No. 120: Nov-Dec 1998
You have probably already heard how a change in one subatomic particle can cause an instantaneous change in another, even if the second particle is cruising along in another galaxy. That's quantum weirdness all right, but this weirdness can also produce effects we can see and hear.
All you have to do is cool helium down to almost absolute zero. It will liquify but, unlike most other gases, it will not freeze. You are surprised at this, of course. Now, if you spin a bowl of this liquid helium around, you will be astounded. The liquid remains absolutely stationary in its spinning container -- no centrifugal effects, no friction with the contained wall, nada!.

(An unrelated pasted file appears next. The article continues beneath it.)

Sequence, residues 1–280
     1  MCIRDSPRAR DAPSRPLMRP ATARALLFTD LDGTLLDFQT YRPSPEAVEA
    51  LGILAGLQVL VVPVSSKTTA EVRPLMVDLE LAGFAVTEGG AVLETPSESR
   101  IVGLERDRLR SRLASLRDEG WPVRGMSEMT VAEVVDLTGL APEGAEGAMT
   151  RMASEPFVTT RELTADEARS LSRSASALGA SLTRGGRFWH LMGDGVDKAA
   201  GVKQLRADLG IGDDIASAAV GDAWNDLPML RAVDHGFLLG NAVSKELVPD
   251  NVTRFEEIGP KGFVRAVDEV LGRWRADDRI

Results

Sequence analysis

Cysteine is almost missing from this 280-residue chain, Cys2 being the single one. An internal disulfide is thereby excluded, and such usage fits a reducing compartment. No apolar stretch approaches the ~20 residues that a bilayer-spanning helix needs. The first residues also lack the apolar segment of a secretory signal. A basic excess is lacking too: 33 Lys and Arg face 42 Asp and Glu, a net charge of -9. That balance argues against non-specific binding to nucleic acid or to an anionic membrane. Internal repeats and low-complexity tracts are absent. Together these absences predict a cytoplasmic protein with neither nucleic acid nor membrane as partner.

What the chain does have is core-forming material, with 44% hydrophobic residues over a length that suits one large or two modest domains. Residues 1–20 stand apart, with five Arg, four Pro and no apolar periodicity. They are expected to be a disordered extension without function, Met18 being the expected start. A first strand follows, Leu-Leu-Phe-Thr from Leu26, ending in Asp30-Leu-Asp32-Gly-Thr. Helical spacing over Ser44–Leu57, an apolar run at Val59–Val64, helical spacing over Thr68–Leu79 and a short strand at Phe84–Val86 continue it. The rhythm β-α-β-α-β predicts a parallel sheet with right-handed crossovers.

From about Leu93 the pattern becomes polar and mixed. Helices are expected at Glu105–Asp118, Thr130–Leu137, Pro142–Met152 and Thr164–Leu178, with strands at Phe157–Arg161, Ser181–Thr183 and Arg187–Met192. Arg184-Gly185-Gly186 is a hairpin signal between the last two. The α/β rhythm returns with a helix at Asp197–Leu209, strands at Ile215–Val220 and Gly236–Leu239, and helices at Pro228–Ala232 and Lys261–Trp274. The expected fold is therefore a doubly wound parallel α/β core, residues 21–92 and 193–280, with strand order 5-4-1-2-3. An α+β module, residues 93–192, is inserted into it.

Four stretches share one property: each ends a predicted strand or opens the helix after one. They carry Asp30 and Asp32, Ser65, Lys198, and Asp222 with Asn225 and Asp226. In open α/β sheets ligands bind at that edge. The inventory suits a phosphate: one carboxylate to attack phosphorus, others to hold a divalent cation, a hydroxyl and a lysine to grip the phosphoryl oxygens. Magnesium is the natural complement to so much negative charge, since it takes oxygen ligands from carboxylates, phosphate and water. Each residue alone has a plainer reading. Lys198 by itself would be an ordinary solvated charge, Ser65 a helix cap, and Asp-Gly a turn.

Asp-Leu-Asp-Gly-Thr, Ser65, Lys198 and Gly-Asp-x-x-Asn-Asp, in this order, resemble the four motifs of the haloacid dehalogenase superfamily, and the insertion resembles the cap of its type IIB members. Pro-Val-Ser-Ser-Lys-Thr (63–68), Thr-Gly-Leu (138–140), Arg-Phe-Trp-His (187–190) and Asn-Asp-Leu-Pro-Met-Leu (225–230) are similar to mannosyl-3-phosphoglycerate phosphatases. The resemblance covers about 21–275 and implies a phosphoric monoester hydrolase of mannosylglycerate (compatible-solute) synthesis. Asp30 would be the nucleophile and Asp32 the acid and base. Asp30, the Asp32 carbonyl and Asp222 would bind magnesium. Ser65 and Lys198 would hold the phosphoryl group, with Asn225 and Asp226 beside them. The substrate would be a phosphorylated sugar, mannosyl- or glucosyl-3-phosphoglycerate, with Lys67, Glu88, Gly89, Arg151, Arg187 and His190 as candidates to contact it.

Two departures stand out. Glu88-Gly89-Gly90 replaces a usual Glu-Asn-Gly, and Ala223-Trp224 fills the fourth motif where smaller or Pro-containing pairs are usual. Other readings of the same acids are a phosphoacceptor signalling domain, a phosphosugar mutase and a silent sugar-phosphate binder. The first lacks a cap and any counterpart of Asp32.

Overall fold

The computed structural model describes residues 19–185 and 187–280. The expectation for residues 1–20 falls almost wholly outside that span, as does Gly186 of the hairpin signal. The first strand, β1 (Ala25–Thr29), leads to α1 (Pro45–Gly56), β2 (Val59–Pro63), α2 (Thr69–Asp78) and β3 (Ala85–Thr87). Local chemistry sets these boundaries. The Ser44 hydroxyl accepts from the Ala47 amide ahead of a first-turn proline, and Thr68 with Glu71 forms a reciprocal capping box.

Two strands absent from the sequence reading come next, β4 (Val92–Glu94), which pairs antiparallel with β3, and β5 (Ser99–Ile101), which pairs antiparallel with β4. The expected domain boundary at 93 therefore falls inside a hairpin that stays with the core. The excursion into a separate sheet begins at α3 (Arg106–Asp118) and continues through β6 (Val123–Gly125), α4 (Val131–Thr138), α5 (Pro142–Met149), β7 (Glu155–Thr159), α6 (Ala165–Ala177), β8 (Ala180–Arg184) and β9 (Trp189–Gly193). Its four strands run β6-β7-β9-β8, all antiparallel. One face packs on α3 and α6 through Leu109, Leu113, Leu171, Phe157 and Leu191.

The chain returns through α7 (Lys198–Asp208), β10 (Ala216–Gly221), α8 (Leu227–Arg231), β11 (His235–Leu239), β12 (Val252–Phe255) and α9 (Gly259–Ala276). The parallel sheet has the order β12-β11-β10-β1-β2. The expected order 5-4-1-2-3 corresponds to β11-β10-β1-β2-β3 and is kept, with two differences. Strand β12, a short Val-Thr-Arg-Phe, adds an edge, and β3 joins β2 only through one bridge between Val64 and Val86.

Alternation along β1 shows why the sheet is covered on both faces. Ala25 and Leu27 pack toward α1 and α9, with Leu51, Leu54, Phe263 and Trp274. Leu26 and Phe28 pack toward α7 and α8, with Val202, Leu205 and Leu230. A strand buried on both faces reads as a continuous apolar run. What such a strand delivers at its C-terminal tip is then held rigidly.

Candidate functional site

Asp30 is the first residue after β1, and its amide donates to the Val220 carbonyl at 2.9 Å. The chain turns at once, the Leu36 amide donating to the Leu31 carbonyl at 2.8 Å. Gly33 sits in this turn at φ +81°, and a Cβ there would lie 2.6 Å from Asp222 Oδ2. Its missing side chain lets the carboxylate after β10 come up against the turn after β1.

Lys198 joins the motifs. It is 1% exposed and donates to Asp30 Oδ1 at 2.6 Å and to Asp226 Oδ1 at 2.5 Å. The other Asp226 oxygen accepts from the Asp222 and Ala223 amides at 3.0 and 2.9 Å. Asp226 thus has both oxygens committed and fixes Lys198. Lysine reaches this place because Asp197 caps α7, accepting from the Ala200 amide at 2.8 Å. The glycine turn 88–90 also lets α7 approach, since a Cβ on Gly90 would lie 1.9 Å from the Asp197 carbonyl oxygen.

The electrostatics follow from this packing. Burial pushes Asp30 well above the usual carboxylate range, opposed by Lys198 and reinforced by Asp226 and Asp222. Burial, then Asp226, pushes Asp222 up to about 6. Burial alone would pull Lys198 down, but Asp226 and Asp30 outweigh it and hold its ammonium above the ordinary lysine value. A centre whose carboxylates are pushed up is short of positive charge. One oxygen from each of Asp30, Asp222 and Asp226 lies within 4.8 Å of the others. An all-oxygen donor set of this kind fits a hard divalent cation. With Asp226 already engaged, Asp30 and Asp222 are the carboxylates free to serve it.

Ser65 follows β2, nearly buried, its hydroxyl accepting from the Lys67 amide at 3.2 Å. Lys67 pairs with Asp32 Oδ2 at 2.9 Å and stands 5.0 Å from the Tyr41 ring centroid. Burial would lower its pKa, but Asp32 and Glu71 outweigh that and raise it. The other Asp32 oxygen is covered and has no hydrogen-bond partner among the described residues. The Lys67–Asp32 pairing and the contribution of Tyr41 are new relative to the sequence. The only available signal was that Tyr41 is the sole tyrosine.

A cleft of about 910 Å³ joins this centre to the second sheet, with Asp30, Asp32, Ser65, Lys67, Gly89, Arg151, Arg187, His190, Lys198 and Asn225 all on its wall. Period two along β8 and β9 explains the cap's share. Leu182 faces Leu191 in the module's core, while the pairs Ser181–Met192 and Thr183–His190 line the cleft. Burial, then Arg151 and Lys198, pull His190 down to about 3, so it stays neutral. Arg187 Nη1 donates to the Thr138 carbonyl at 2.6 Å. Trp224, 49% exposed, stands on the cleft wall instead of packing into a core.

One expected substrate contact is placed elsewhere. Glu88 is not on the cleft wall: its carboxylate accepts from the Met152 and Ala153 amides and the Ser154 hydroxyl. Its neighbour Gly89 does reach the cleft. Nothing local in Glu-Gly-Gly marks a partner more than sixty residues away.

However, the strangest part comes when you:
"Draw a cupful out of the bowl, suspend it a few centimeters above the remaining liquid, then stand back and rub your eyes -- the fluid in the cup will cheat common sense by pouring itself, drop by drop, back into the bowl. A drop climbs up the inside of the cup, then runs down the outside. When it falls, another begins climbing, and the magic continues until the cup is dry."
(Brooks, Michael; "Liquid Genius," New Scientist, p. 24, September 5, 1998.)